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Passive Solar Design & Daylighting
Buildings designed for passive solar and daylighting incorporate design features such as large south-facing windows and building materials that absorb and slowly release the sun's heat. No mechanical means are employed in passive solar heating. Incorporating passive solar designs can reduce heating bills as much as 50 percent. Passive solar designs can also include natural ventilation for cooling.

Proper building orientation, with the longest walls running from east to west, allows solar heat to enter the home in winter, while allowing in as little sun as possible during summer. Shading and overhangs also reduce excessive summer heat, while still permitting winter sun. In passive solar designs, the optimal window-to-wall area ratio is 25-35 percent.

Daylighting uses natural sunlight to light a building's interior. In addition to south-facing windows and skylights, clerestory windows–a row of windows near the peak of the roof–can let light into north-facing rooms and upper levels. An open floor plan allows the light to spread throughout the building. Daylighting in businesses and commercial buildings can result in substantial savings on electric bills, provides a higher quality of light, and improves productivity and health. Daylighting in schools has been shown to improve student grades and attendance.

For more information, visit EREN's Passive Solar Heating, Cooling and Daylighting

Building Envelope
The building envelope includes everything that separates the interior of a building from the outdoor environment, including the windows, walls, foundation, basement slab, ceiling, roof, and insulation. The building envelope remains one of the easiest and most important ways to improve the energy efficiency of a building.

For more information, visit EREN's Building Envelope page

High Performance Glazing
Windows are rated on its U-value (which indicates how well the window insulates), shading coefficient (how well the window keeps out solar heat gain), and visible transmittance (which indicates how well light passes through the window). High-tech efficient options include windows with gas-fill between the window panes and low-emissivity (low-e) coatings.

For more information, visit EREN's Building Envelope page

Photovoltaics
Photovoltaics (PV) offer a way to convert the sun's radiation into electricity that can be used in a house. PV can either be used in a stand-alone system (in combination with a battery bank and/or backup generator) or in a grid-tied system (connected to the utility grid).

For more information, visit EREN's Photovoltaics page

Solar Hot Water
Solar hot water heaters use the sun to heat either water or a heat-transfer fluid in collectors. There are passive systems, which rely on natural convection and gravity to circulate the fluid, and active systems, which use pumps and other mechanical equipment. Sometimes the plumbing from a solar heater connects to a house's existing water heater, which stays inactive as long as the water coming in is hot or hotter than the temperature setting on the indoor water heater. When it falls below this temperature, the home's water heater can kick in to make up the difference. High-temperature solar water heaters can provide energy-efficient hot water and hot water heat for large commercial and industrial facilities.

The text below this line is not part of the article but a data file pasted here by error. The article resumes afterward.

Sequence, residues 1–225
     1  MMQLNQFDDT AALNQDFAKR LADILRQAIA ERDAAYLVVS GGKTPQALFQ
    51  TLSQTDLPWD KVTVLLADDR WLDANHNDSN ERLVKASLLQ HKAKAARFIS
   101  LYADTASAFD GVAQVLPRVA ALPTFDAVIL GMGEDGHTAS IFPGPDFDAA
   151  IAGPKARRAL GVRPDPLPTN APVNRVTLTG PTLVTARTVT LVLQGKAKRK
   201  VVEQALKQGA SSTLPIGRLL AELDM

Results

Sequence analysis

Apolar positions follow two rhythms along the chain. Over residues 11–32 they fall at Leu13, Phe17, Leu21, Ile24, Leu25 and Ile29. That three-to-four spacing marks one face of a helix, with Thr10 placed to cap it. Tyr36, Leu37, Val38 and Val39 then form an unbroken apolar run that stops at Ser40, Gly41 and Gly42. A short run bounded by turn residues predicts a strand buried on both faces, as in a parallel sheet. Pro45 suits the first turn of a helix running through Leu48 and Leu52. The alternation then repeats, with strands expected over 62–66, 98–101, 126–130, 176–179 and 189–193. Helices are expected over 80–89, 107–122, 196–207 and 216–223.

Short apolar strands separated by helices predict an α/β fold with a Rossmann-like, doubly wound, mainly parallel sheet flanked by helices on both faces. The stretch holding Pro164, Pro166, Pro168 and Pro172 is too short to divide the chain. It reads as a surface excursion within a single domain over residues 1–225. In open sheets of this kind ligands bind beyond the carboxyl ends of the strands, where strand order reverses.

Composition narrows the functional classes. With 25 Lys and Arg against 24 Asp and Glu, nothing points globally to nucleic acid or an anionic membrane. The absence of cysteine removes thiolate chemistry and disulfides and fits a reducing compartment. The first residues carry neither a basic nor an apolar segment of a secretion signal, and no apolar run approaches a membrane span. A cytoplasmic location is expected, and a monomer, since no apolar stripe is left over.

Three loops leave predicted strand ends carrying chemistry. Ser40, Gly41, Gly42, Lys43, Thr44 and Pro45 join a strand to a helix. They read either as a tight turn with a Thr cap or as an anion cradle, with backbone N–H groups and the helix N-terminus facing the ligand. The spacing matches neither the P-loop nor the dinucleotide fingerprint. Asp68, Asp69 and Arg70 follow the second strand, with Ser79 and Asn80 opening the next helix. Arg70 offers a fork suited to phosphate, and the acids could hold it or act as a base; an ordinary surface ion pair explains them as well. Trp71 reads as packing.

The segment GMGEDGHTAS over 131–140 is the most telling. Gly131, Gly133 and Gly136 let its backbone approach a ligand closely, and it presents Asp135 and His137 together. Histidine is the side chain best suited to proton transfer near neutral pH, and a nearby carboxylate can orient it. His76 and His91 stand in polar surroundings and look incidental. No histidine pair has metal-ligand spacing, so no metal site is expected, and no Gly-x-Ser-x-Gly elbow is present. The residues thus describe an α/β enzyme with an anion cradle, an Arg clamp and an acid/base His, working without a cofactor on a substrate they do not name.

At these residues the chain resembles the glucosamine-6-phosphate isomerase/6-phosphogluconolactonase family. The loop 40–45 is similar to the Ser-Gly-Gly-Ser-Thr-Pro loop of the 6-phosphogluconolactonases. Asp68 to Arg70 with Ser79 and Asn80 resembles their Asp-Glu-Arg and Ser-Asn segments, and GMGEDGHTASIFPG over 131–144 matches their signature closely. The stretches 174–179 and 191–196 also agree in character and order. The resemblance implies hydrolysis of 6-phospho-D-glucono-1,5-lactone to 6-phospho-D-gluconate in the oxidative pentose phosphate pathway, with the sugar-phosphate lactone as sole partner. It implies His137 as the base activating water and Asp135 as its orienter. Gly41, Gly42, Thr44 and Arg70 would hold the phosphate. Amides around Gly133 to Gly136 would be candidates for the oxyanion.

For more information, visit EREN's Solar Water Heating page

Natural Ventilation
Natural ventilation utilizes stack effect and wind pressures to supply outdoor air to building interiors for ventilation and/or space cooling purposes. The aim is to have an airtight building envelope while controlling outdoor air supply to provide the required ventilation. Features of naturally ventilated buildings include operable windows, exhaust vents located high in the building with intakes located low in the building, and open building plans to facilitate air movement.

For more information, visit Advanced Building's Natural Ventilation page

Mechanical HVAC Equipment
HVAC stands for heating, ventilation, and air-conditioning. HVAC equipment has energy-efficiency ratings that list how many Btu per hour are removed for each watt of power it draws. The higher the efficiency rating the more energy is saved. These ratings are posted on an Energy Guide Label, which must be conspicuously attached to all new equipment.

Building Materials
Materials that are considered "green" contain some of the following criteria: recycled content, recyclable, sustainably harvested, low embodied energy, environmentally friendly manufacturing process, non-toxic, low VOC (volatile organic chemicals), and made in the USA.  Minimizing construction waste is also an important factor to consider in the green building process.